Another charity that has prioritized and formalized its industry collaboration is the Multiple Sclerosis (MS) Society. Its CEO, Michelle Mitchell, is keen to highlight the commonalities between charities working in the MS field and private companies developing treatments. “At a global level we work with the Progressive MS alliance. We have an industry forum and industry partnerships whereby, on a non-competitive basis, we all have something distinctive to contribute to achieving our goal, which is finding new treatments for progressive MS,” she notes. “We see the solution as charities, industry scientists and researchers working together.” Mitchell does though stress the need for transparency in these non-profit/for-profit collaborations, saying that, “it is important that we have the right type of relationship and that our relationship is thoroughly regulated. It has to be transparent and there should be no conflict of interest.”


The BHF’s Simon Gillespie is also cautious about greater industry interaction, noting that, “We have always traditionally had an arm’s-length relationship with industry. We don’t take money from industry and therefore we preserve our independence. In fact, preserving our independence of thinking and that trust from the public is essential to us.” However, Gillespie does acknowledge that the world of medical research is changing and, “Increasingly, as we are moving more into translational medicine and the clinical medicine space, we are bumping more often into industry. The last thing we want to do is get to a situation where we end up detracting from patient benefit. Industry is part of the solution and in the coming years, BHF will be much more public in recognizing that we have to work together.


New Strategies and Charity 2.0

Not only is the charity sector working more with private industry, it is taking its cues from it. As the AMRC’s Burnand notes, “We are now seeing charities behaving more like investors, with Parkinson’s UK and Alzheimer’s Research UK as examples. Such organizations are either putting in money to have more ‘shots at the goal’ by moving into the translational space while they might have historically worked more in the basic research space, or they are acting as ‘honest brokers’ and aligning investment from a variety of partners around an unmet patient need.”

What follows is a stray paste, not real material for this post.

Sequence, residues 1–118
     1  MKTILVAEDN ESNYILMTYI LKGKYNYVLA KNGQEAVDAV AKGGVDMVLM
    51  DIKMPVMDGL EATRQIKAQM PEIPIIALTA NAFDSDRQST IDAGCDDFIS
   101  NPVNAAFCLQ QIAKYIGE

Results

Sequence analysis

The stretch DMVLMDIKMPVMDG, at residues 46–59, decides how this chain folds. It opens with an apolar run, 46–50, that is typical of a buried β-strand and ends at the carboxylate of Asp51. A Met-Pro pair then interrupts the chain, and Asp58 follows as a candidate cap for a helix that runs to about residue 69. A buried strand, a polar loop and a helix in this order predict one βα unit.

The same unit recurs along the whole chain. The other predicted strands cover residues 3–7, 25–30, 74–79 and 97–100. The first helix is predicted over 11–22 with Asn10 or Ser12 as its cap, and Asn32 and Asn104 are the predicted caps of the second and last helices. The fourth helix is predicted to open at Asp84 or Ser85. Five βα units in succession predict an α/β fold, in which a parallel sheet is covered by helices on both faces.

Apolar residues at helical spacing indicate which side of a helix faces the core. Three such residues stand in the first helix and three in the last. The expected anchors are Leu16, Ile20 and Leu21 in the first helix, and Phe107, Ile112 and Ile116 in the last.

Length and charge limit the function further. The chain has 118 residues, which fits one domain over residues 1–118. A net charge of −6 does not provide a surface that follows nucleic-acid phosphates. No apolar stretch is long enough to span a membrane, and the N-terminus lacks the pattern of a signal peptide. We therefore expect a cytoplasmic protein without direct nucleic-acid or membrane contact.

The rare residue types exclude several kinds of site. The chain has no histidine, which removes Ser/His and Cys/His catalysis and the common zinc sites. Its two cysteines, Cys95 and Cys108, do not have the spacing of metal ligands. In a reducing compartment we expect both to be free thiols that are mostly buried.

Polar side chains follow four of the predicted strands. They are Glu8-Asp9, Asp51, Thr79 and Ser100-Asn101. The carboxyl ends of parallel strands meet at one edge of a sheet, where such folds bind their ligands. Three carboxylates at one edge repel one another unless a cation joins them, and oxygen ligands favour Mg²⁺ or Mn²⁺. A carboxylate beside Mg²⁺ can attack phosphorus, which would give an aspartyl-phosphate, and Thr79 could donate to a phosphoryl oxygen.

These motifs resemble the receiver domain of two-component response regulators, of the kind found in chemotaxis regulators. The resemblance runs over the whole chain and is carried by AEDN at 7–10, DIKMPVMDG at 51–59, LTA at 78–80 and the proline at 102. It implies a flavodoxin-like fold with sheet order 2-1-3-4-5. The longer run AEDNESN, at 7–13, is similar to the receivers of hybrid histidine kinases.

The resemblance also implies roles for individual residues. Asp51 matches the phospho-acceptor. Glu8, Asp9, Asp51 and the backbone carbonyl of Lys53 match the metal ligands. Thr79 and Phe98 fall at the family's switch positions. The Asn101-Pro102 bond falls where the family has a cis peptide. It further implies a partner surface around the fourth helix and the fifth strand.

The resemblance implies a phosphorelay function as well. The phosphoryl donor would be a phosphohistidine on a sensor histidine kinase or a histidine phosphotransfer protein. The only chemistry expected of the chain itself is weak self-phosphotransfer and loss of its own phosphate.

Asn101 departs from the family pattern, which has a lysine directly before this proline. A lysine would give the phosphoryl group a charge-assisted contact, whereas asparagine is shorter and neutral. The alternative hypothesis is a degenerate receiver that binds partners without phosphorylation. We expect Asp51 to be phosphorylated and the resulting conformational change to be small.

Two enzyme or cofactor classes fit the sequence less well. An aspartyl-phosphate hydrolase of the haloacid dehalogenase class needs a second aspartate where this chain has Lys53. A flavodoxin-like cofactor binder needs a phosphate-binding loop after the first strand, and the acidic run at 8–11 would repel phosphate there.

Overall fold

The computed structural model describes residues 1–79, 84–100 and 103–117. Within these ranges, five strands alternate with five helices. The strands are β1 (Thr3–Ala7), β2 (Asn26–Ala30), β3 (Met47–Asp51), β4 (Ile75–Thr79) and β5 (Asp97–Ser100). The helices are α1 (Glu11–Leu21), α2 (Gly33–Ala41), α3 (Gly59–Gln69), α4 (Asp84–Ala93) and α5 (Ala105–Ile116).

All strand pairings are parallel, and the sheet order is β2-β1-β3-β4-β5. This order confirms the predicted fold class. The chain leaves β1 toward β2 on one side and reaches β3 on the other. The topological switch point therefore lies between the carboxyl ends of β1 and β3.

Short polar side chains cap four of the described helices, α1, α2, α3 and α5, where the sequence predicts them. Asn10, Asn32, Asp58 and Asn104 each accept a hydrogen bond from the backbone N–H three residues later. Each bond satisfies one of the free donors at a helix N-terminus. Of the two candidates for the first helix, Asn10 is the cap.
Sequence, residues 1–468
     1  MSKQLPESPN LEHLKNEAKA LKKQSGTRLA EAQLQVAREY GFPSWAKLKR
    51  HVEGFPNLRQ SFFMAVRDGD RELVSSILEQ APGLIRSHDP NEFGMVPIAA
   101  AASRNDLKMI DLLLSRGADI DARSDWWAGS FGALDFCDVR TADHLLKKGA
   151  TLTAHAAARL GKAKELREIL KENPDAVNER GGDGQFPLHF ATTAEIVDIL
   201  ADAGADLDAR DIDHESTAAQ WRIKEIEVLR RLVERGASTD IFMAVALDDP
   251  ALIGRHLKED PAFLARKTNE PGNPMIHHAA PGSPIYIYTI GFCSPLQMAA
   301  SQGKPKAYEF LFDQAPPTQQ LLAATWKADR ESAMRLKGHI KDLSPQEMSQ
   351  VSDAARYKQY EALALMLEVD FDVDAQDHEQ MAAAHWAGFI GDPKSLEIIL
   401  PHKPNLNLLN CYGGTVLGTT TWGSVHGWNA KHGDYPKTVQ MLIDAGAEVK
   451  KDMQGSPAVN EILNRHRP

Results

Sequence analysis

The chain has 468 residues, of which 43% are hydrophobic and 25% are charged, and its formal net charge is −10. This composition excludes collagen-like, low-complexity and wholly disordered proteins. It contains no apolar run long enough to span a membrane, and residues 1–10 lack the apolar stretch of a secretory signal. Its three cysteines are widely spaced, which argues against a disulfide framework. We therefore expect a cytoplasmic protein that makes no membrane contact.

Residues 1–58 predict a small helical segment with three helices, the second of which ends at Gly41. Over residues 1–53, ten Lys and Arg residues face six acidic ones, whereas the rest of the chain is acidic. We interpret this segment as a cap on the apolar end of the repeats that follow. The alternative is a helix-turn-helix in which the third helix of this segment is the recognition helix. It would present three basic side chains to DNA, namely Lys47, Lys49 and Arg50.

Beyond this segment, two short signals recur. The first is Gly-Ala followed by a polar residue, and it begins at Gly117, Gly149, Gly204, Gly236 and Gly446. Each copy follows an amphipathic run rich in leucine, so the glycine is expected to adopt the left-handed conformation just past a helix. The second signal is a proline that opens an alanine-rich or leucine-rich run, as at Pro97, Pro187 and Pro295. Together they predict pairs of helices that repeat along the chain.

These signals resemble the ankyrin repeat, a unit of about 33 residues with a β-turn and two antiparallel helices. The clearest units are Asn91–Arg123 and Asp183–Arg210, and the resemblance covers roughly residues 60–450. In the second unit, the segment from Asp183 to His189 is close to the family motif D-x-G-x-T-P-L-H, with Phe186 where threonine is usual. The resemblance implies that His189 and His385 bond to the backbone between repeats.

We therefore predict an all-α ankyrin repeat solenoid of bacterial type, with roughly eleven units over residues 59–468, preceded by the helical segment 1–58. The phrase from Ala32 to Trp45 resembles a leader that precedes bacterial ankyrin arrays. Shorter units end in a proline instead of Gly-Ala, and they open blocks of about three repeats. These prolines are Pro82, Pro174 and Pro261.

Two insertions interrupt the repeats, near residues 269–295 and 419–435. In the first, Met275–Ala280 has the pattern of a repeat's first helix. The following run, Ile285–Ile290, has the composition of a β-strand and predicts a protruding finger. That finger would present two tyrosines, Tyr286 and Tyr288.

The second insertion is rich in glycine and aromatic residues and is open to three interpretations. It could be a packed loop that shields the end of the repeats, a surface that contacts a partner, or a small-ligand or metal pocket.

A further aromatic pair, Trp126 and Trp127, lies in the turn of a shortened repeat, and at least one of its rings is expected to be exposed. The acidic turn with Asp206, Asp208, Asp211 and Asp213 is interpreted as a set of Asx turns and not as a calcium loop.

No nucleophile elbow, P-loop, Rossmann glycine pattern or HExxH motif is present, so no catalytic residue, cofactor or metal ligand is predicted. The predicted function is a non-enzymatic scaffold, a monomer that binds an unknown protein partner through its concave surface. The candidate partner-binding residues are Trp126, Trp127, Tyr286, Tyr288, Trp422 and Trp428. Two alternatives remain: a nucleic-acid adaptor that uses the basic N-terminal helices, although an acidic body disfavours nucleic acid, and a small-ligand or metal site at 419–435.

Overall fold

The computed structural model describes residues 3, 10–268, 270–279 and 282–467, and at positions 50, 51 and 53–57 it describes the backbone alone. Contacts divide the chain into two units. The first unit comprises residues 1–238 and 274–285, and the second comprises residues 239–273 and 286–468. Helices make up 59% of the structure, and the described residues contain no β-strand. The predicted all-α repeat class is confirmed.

Burnand also highlights charities’ adoption of new investment models, such as integrated funding. “Charities are starting to say things like: ‘we will invest this amount of money, but we would like to recoup a particular level of investment which will then go straight into funding more research,’” she articulates. “At the far end of the spectrum, you have models that work in a similar way to venture capital. Examples include Parkinson’s UK’s Virtual Biotech, the Brain Tumour Charity’s Brain Tumor Fund, and the Dementia Discovery Fund.”


Furthermore, the digitalization wave sweeping across the entire healthcare and life sciences industries has not left charities untouched. The AMRC has coined the innovative digital organizations operating in the charity space, ‘Charity 2.0’ and Burnand describes that, “This is still something relatively new and untested that we are all trying to grapple with, but we are seeing some promising new initiatives. Arthritis Research UK is trialing a chatbox-type technology to deliver tailored information at home and many new ideas were showcased at our ‘Delving into Digital’ conference in February. The conference showcased examples of digital projects including apps and artificial intelligence being developed by AMRC member charities and facilitated links with digital technology companies and public-sector representatives.”